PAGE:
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The History of Terrorism and Torture in Israel

Updated on January 23, 2013

Why This is a Case of Challenged Modernity.

In the 1980s, the Israeli government passed a resolution to use moderate physical pressure in its interrogation of terrorism prisoners. However, soon there were reports that the interrogating agencies were frequently exceeding the ‘moderate’ standards agreed upon. In an article that appeared in the New York Times in April 2009, Philip Zelikow who was a former Bush department official wrote opposing torture. He blamed Britain and Israel as nations that had over time developed and matured in the use of painful interrogation tactics. Note here that terrorism, unlike the conventional wars that nations were used to in history, does not follow conventional rules of war. That has posed a major challenge to the modern democratic states that are concerned with legitimacy. This is the predicament that Israel as well as other countries like the US have often found themselves in. The terrorism that is seen in the world today is one that employs bloody tactics and has no value for human life whatsoever. In a court ruling by Aharon Barak in the Israeli Supreme Court, torture was declared an illegality. In the judgment, the judge declared that no government official had the right to authorize the use of torture. But in defense of Israel’s use of torture, a commentator in the Huffington Post cited the fact the court did leave a loophole where officials could use the defense of necessity. That loophole soon became the norm and Israel has frequently been on the spot in the use of torture during interrogation.

Torture Chair
Torture Chair | Source

Can Israel Claim Innocence?

Indications are that after the court ruling that barred torture in Israel, there was a sharp decline in its use. Observers however argue that this allowed terror groups to recruit more suicide bombers than before. When that happens, the last resort is to use any means possible to deal with terrorists. That is the position that Israel has found itself in on many occasions. The Israeli situation has made some who initially opposed torture to think otherwise. Of course, no one says that torture is now the way to go, but a lesser number of people oppose it. This view (That torture may be an effective tool of last resort), got enforced especially after 9/11. It is not a wonder then that a United States University professor wrote a book calling for the partial legalization of torture. For many right now, the only way to deal with terrorism is by the use of hardliner counter-terrorism tactics. However, this often results in a spiral of terrorism and counter-terrorism that never ends. This poses many questions and headaches to the makers of international policies. How can nations fight unconventional, bloody terrorism with conventional laws and means? The use of tough interrogation techniques by nations that formally did not embrace them portrays a desire to deal with terrorism on the same vain that it is offered. Terrorism has thrived exceedingly among many Islamic fundamentalist groups due to the success that it offers to them. In the middle of the tactics they employ is the use of suicide bombing. Israel alone has suffered close to seventy suicide bombs between the years 2000 and 2006. This has left the nation with very few options in the fight against the terror groups.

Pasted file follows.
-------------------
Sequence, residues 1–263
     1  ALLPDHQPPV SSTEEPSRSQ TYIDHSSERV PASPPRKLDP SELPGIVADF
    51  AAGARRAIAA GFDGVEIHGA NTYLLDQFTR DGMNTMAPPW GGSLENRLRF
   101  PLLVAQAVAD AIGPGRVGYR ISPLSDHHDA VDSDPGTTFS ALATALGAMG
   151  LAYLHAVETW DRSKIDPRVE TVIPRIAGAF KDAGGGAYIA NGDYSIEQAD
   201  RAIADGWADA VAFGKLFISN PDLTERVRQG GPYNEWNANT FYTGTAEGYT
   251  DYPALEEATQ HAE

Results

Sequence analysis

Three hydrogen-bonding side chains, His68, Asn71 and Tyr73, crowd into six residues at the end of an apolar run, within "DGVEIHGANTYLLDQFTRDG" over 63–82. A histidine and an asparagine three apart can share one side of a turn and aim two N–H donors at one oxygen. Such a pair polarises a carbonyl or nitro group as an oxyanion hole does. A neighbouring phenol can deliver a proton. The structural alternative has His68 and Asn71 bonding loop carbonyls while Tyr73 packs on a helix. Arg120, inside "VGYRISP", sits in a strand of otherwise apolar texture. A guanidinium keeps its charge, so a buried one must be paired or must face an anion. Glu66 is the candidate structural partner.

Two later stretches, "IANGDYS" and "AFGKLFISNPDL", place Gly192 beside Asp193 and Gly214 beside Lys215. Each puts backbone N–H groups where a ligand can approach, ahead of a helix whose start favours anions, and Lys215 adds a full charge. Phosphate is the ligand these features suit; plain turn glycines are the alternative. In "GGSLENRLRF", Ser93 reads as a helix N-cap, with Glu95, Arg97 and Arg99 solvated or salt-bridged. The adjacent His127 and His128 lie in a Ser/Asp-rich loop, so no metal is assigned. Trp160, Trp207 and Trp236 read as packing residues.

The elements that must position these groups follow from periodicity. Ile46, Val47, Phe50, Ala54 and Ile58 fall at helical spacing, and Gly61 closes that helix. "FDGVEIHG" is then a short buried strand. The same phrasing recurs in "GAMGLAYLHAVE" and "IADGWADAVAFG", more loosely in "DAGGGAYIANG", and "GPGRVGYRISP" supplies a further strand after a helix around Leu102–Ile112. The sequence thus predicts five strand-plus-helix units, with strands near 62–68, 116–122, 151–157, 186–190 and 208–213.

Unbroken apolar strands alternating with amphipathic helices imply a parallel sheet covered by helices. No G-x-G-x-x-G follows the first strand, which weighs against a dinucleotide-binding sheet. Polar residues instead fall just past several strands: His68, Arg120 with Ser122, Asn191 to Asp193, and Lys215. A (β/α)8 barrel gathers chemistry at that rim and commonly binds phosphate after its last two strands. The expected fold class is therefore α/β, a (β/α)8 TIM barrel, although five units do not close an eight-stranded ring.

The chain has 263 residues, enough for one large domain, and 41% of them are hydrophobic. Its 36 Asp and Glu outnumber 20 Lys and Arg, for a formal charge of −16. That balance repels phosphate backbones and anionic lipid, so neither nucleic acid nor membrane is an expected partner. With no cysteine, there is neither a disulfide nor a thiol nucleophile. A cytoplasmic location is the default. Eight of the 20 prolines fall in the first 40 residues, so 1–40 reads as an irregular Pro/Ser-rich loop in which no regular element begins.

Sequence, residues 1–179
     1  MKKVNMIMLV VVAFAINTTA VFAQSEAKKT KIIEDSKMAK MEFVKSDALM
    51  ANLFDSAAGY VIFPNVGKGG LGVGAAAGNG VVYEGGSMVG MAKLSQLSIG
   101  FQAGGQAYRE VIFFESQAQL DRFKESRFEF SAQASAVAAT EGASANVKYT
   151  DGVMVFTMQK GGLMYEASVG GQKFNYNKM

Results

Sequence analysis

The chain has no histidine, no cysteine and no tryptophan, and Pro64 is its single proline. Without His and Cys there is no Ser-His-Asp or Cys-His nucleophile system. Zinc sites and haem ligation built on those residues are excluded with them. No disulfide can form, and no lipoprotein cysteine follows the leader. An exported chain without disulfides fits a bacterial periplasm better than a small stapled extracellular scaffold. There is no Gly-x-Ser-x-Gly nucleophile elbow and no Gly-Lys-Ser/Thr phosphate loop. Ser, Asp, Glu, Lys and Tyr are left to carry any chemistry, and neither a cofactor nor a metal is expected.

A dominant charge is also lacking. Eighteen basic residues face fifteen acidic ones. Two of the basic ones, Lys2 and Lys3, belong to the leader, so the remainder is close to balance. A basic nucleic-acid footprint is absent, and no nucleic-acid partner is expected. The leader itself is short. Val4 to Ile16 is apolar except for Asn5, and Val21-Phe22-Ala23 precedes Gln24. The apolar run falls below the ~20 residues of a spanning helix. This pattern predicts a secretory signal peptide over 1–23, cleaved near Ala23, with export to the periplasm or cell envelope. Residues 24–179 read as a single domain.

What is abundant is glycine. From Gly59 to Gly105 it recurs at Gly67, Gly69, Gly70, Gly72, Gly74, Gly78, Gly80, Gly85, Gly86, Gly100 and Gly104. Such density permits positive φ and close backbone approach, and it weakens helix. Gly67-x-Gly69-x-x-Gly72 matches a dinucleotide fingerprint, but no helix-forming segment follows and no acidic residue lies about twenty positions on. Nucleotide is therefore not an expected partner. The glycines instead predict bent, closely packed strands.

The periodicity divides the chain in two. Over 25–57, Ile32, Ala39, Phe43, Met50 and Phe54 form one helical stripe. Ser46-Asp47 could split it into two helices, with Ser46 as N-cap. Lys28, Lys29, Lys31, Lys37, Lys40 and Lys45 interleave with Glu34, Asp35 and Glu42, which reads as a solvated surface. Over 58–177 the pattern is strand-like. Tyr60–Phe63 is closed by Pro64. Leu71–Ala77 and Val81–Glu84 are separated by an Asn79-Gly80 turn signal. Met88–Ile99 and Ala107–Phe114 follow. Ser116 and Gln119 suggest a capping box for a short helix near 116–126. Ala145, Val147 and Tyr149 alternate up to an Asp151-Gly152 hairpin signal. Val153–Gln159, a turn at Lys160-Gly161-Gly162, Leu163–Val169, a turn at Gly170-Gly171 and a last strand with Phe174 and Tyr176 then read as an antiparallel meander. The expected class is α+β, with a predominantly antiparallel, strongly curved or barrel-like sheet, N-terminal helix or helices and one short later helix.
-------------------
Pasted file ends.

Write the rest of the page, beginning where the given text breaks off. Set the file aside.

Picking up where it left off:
Torture Wheel
Torture Wheel | Source

Should Torture then be Legalized?

There is no simple answer to this question, even in the case of Israel. The law is uncompromising about the legality of torture. Even in International Laws, it is prohibited. That is a situation that even president Obama acknowledges. In a speech that he once made, he said that terrorism is a difficult issue for every country to handle, and especially so for democratic states. According to him, the means that would be effectively used to deal with it are not always legal. It is to be acknowledged that the law prohibits the use of torture on a terrorism suspect even if that means saving millions of lives from imminent attack. The debate continues to elicit various views; this is partially because torture is no longer viewed the same way it was viewed a few years ago.


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